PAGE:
New Delhi: The Supreme Court on Friday issued notice to the Centre on a plea challenging the validity of turning an amendment into law to declare an individual as a terrorist.
Section 35 of UAPA Act
The new section 35 of the Unlawful Activities (Prevention) Amendment (UAPA) Act allows the Centre to categorise any individual as terrorist and add the person’s identity in the Schedule 4 of the Act. It leads to accumulation of huge powers, which is unfettered and unbound, is anti-thesis to the Article 14 of the Constitution.
A PIL filed in the apex court by the Association for Protection of Civil Rights through advocate Fauzia Shakil claims the law imposes indirect restrictions on dissent and violated fundamental rights of citizens.
What petition claims?
The petition claims the amendment infringes upon the right to reputation and dignity, which is a fundamental right under Article 21, without substantive and procedural due process.
“Notifying an individual as a terrorist without giving him an opportunity of being heard violates the individual’s right to reputation and dignity, which is a facet of right to life and personal liberty under Article 21 of the Constitution”, said the petition.
A Bench, headed by Chief Justice Ranjan Gogoi, sought a response from the Centre on the petition.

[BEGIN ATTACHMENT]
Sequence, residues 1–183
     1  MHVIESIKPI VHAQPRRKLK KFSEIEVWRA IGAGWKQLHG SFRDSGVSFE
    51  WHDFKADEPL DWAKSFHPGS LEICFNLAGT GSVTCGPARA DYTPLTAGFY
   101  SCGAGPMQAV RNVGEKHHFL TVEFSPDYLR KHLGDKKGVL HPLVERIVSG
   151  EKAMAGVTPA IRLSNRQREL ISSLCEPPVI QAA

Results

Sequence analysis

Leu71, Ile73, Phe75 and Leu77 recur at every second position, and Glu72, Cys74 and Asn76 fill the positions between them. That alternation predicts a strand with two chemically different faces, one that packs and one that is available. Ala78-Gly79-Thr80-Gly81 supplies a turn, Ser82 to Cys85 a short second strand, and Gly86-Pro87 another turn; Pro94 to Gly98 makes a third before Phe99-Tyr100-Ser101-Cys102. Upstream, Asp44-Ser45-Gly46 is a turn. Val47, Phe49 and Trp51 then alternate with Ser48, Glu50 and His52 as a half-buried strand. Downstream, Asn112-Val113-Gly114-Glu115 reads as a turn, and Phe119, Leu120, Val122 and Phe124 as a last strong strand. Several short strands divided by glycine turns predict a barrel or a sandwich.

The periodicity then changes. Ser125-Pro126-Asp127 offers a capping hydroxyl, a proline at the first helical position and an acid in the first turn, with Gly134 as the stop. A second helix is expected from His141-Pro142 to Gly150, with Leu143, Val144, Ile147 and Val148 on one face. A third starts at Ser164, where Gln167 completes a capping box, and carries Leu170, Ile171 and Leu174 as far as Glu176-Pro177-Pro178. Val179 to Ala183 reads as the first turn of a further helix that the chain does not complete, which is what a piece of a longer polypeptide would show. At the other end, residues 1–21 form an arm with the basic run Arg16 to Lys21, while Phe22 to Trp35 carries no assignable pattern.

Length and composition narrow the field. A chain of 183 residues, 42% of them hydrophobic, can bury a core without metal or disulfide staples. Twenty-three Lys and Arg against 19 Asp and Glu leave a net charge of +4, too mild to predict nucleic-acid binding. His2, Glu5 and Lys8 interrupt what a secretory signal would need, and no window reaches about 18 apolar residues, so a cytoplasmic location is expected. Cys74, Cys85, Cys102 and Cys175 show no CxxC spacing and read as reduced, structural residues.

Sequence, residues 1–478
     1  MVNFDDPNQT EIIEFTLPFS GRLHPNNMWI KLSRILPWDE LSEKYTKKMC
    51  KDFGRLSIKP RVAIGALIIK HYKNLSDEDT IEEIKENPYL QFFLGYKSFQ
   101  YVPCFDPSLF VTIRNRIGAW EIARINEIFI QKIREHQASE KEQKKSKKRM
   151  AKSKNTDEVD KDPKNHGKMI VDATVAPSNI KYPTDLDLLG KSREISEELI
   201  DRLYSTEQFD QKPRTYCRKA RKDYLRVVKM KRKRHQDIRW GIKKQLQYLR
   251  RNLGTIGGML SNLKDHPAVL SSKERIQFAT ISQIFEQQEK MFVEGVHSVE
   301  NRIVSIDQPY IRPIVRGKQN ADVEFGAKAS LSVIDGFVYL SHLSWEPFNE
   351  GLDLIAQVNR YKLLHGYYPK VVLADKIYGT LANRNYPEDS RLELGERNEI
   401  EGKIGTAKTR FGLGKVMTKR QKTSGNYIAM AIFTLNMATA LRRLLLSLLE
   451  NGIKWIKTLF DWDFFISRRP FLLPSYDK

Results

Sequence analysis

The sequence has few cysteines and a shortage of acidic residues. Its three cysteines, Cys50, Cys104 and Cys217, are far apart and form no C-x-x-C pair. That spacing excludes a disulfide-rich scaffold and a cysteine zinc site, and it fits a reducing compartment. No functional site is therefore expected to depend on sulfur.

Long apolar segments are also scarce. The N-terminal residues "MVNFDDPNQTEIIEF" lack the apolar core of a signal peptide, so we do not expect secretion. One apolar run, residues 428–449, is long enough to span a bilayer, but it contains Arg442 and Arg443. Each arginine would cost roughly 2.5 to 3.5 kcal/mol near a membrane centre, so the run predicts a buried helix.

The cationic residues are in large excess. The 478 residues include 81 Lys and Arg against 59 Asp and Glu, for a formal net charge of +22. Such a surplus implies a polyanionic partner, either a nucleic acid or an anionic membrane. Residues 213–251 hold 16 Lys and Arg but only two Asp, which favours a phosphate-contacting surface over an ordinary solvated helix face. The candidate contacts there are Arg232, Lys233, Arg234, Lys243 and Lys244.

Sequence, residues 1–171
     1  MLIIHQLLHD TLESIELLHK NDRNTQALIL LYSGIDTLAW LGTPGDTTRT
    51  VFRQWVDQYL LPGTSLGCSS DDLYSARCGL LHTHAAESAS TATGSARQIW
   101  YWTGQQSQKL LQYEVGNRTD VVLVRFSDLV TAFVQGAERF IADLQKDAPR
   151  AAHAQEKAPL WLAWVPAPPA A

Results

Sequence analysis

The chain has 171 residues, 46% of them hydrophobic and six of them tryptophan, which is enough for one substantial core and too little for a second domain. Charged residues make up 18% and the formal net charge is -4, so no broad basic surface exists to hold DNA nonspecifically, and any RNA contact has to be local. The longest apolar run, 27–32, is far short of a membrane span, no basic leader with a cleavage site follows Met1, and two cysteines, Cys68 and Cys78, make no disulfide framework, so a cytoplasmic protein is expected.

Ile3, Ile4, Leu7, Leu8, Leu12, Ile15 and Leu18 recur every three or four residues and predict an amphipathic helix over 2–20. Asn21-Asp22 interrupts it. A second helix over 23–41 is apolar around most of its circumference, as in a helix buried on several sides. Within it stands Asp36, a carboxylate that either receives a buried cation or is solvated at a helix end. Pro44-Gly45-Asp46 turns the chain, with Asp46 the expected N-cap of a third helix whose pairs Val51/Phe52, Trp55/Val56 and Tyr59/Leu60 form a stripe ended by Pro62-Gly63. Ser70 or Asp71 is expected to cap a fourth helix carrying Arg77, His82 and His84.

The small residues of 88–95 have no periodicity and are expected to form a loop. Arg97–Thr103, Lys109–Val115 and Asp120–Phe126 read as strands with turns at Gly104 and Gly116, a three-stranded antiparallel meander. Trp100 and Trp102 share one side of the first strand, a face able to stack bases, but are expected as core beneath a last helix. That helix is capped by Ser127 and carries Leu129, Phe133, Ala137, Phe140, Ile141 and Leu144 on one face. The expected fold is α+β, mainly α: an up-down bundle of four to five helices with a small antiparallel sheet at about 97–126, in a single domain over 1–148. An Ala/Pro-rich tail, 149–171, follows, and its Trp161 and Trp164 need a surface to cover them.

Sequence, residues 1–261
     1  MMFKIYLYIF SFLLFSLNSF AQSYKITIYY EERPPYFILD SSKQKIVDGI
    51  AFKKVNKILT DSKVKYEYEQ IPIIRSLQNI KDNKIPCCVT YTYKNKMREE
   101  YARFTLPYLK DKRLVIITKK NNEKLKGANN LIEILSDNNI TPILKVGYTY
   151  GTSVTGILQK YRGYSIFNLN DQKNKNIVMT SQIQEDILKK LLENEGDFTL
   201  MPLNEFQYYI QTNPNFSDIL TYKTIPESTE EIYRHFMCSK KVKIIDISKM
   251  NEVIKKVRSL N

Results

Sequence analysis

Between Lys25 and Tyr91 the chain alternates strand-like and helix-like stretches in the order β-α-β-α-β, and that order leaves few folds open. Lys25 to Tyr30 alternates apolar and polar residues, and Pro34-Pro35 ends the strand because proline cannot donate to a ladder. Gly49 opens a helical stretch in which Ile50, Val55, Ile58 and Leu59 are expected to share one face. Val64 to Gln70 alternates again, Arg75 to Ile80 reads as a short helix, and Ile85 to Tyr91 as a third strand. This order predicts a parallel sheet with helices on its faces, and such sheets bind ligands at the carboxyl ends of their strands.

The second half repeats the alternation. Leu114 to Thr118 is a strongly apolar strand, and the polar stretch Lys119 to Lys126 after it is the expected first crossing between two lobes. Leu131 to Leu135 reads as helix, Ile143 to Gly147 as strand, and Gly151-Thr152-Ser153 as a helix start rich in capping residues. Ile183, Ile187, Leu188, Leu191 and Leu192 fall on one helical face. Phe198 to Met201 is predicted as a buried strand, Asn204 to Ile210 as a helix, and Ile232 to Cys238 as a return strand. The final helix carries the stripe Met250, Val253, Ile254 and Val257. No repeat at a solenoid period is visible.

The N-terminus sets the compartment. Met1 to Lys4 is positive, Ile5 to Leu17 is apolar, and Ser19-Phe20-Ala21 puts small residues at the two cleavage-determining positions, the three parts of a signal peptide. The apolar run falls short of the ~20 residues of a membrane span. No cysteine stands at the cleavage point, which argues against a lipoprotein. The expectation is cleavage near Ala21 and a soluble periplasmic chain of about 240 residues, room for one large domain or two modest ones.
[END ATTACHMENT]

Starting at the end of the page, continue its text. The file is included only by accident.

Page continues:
Another PIL, filed by Sajal Awasthi, a resident of Delhi, has urged the top court to declare the amendment unconstitutional. “The Act is in violation of the fundamental rights guaranteed under Article 14 (right to equality), 19 (right to free speech and expression) and 21 (right to life) in the Constitution,” said the petition.
Earlier, under the UAPA 1967, only an organisation could be notified as terrorist, stated the petition argued by senior advocate Shekhar Naphade.
Since the petitions are identical they have been tagged together.
“A person who is designated a terrorist, even if he is denotified subsequently faces a lifelong stigma and this tarnishes his reputation for life,” claimed the petitions. Designating a person as a terrorist on a mere of the belief of the government was arbitrary and excessive, they added.
Faujia’s petition claims a bare perusal of the amendment would reveal that there is no criminal consequence that follows a person’s designation as a terrorist. “No new offence has been created or new punishment provided. The amendment is grossly disproportionate and has no rationale nexus between the objects and means adopted to meet them”, said her petition.
The petitioners contend that the amendment provided no safeguards to a person notified as a terrorist.